A Food and Drug Administration announcement earlier this week that the most powerful opioids must have warning labels is too late and far too little.
With offices in Costa Mesa and Fountain Valley, Kutzner points out that if state regulations were enforced and more widely used, far fewer patients would become addicts, and addictive prescription drugs could more easily be tracked.
What deeply frustrates Kutzner is that armed with the regulations, California could lead the country out of the opioid epidemic.
Worker’s comp Executive Medical Director Dr. Rupali Das acknowledges, “We definitely need to improve physician education regarding the benefits to workers of using these evidence-based medical treatment guidelines.”
Das offers an overview of the regulations, saying the book-length document “provides information explaining whether certain treatments are appropriate, how often the treatment is given, the extent of treatment and the duration.”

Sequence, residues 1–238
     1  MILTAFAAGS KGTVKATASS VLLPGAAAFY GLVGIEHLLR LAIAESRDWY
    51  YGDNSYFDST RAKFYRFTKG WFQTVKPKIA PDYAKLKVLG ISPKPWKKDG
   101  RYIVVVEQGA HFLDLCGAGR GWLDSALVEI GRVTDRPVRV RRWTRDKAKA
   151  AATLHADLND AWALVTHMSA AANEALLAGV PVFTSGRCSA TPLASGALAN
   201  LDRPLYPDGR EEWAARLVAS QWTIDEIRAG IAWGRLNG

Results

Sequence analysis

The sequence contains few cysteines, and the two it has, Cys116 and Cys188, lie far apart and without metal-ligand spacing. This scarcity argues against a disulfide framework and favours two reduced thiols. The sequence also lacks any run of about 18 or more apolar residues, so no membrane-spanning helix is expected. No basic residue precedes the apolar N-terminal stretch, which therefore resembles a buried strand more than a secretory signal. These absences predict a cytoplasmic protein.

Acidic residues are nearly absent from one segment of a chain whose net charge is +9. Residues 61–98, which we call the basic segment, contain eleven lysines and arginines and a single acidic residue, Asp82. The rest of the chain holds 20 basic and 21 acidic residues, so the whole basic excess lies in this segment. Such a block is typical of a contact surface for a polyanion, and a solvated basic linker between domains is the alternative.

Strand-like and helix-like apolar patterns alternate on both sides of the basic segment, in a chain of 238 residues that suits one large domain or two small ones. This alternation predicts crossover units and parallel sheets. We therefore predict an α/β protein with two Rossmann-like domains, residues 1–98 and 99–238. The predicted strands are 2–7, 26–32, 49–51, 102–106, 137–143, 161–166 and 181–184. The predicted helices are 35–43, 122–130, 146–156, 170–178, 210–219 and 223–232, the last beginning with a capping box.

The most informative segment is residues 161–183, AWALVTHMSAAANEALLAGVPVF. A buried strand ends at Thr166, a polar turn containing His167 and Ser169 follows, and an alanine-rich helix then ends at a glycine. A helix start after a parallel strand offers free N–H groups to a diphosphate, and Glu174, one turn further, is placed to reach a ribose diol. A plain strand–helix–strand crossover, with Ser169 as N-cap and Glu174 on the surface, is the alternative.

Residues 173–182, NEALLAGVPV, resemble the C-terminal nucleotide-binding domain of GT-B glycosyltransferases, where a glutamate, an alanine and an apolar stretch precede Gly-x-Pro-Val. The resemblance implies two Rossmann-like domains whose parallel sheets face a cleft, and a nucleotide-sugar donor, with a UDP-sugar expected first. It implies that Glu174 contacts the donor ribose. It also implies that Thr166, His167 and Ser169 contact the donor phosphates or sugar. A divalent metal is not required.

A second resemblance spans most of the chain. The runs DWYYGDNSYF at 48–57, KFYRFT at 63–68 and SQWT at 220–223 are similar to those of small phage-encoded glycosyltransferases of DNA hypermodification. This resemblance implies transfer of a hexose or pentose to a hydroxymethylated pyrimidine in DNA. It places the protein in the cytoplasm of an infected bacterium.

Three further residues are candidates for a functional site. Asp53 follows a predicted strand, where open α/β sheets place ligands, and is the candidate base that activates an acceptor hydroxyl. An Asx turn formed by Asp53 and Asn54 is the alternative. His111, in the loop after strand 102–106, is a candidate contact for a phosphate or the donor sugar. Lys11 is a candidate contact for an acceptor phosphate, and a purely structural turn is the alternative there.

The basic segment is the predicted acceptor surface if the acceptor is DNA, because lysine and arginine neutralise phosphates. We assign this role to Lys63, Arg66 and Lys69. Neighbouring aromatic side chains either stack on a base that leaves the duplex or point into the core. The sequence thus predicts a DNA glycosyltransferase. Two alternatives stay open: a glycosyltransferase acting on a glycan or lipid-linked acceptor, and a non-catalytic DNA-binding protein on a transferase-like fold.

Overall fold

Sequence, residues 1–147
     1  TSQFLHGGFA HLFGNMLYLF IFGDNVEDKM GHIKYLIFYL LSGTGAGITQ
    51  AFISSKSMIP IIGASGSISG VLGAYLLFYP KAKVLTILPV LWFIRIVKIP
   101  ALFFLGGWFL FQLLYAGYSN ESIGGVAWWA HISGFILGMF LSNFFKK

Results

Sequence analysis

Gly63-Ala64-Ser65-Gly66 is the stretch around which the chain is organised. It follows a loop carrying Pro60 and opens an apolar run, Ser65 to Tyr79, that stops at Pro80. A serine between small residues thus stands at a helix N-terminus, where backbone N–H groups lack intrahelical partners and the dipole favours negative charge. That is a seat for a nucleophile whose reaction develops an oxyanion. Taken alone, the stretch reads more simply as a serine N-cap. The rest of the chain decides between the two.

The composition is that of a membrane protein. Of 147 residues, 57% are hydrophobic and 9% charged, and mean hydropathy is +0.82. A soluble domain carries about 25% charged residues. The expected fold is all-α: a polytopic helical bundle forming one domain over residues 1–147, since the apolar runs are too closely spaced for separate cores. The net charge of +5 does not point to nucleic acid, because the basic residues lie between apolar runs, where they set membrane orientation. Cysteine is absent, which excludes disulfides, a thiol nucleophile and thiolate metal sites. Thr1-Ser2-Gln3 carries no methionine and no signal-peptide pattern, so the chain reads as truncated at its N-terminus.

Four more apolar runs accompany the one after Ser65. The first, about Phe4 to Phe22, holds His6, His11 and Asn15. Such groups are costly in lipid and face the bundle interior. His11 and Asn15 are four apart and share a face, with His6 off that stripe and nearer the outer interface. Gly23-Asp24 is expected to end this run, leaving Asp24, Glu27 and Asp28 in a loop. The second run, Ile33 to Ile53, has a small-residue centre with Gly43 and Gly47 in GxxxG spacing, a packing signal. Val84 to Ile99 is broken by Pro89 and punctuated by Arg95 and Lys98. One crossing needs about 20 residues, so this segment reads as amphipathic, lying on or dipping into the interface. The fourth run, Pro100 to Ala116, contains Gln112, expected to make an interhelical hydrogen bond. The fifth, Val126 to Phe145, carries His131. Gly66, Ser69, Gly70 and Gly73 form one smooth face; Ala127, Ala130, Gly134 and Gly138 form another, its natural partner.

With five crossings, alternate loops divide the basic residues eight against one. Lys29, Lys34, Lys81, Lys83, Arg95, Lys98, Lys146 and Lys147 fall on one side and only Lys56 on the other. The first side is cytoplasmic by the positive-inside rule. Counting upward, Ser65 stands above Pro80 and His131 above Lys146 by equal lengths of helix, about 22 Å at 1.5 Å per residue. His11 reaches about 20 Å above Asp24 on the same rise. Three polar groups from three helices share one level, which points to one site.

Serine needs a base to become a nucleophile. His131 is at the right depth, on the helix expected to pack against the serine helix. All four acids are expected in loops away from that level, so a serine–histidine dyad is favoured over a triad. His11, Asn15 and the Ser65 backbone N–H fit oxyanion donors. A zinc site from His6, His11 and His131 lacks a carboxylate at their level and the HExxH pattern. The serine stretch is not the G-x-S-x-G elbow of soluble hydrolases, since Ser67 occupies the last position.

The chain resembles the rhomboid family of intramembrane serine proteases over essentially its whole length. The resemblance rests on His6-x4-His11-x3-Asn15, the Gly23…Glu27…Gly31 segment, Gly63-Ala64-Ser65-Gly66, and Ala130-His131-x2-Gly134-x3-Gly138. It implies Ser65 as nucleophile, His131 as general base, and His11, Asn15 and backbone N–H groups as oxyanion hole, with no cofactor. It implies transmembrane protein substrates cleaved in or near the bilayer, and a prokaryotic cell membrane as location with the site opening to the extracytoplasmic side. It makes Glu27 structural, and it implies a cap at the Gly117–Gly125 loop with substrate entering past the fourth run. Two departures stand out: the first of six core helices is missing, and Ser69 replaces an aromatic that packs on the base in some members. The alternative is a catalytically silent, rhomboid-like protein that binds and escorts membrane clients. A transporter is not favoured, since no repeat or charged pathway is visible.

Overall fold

She is more cautious than Kutzner in applying the guidelines to non-worker cases and chooses her words carefully, pointing out there hasn’t been a study in California.
Regardless, she says, “Following evidence-based parameters of opioid use would likely reduce avoidable illness and death caused by the inappropriate use of opioids.”
Furthermore, Das states, “Other states with different models for the provision of care for injured workers have shown a decrease in the use of opioids after the institution of stringent opioid use guidelines.”
I reviewed the regulations’ 127 pages on “Chronic Pain Medical Treatment Guidelines.” The document details different types of pain as well as the body’s different pain centers.
It cites specific treatments, both non-opioid and opioid, from aquatic therapy to yoga. And it clearly states the dangers of opioid treatment.